So it was that he now found himself soon to depart on a pressing errand and his thoughts dwelt more on the lady of Dol Amroth than in his own obligations. Nay, perhaps not on her, but on his thoughts of her which was worse, for that path would take him through confusing, tangled webs of reasoning which would certainly consume his time. That matters but little. Either way, it becomes a distraction I do not want- I do not need. And it was not like himself to allow distraction.
“Valar...!” He flounced, almost, onto the bed like a boy. “Why should I care?” he said as he straightened the collar of his shirt. If she is going to prove this troublesome, I ought to put an end to this before she is led to entertain any hope, or Father, for that matter. It could cause a diplomatic incident and I would not see myself entangled in such troubles... nor her.” He nodded, but a smile that filled him with bitterness fleeted across his face, for he recognized within him a new something that both irritated and intrigued him. As much as he wanted to shake all thoughts of her aside, he also held on to them with the same vehemence, musing over them, turning them around in his mind, trying to find some root, some source to them, if there was one. Why?
Her glance had disturbed him; that, at least, he had to acknowledge. Why? That was the question he should seek to answer first, among the myriad of them! Her glance had disturbed him... And what of it? Naught, but that it had been uncommonly piercing, hard as steel, and yet her face had not looked hardened; rather, amazingly... tender, as if for the first time she had encountered something that truly shocked her. His eyes widened at that notion. Did she think me unfeeling? Nay, not unfeeling, but cruel? That could be a beginning, though hardly the one he looked for. Surely she had been witness to things more shocking than that! She had a keen wit and an eye for people, and was not so innocent as to be totally ignorant of the art of politics, clever enough to have practiced them herself, being the Prince’s daughter. This set his mind somewhat at ease, and he raised a brow at that.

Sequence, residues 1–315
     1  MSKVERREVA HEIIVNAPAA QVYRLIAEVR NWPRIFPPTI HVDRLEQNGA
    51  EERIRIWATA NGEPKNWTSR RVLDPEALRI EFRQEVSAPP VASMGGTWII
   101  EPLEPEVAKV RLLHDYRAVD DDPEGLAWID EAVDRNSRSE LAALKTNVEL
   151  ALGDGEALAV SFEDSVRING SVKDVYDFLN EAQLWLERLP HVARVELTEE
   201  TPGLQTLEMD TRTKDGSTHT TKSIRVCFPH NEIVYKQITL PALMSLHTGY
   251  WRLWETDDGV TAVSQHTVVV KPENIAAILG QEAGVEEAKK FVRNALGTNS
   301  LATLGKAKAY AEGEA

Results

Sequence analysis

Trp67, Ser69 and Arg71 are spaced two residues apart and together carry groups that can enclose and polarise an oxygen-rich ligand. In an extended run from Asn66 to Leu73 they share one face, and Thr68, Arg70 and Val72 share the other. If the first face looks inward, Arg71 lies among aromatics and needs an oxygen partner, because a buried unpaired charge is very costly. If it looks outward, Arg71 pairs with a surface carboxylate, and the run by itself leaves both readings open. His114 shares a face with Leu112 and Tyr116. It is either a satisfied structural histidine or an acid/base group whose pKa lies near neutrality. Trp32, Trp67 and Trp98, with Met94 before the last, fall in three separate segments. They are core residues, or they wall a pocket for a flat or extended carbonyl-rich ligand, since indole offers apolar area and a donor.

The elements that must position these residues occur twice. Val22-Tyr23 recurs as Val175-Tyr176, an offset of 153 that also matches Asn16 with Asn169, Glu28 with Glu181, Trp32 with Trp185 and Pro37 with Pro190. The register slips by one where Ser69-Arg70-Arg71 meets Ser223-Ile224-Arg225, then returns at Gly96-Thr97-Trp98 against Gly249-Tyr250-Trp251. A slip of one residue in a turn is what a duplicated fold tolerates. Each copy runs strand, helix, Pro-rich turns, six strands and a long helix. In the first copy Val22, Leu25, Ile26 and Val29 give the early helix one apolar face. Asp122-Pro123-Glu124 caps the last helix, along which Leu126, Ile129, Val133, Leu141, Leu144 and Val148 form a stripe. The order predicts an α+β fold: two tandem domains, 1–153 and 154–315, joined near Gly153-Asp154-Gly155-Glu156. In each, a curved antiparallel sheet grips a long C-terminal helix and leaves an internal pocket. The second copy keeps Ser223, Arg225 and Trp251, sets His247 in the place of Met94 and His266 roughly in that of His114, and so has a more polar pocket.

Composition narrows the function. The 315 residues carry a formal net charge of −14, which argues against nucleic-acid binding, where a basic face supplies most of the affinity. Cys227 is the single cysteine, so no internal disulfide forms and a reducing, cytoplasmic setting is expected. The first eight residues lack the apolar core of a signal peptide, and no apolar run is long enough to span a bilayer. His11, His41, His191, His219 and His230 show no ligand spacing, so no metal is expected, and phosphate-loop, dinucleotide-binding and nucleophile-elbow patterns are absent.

He rose from the bed, straightened his arms and stretched, then walked back to the window and strained his eyes hard as he looked south. That way lies Pelargir. I wonder what am I to find once I get there. As much as his mind was attracted to riddles, there was a zealous affection when Gondor was concerned and his heart could not accept treachery of any kind on that regard, no matter how intriguing the prospect of solving any puzzle. Would I be able to serve Gondor as I should, even when my mind is not wholly occupied on her? His fists clenched against his thighs and his gaze narrowed as he rested his head against the wall. All those feelings discomfited him, precisely because they were feelings and there was no way he could put some logic to them, try as he may.
“A man who lets himself be ruled by his emotions has lost a battle,” Denethor repeated to himself as if he were reciting a creed, or an ancient prayer. “Emotions are not bad in and of themselves, but the degree into which one feels them. It is right to feel anger, but not too much or too little; or excitement, but not too much or too little, and so on with the rest of the emotions, but those whose names indicate their inherent perversity. A man who aims for virtue must strive to realize what is the right degree of his own emotions and step not over or below that limit. Emotions can be mastered.” But, to gain mastery over his emotions he had first to understand them, and how could he? It was hard to apply logic to achieve some measure of understanding for they could not be quantified, reasoned, bent at will. They were there, and that was all.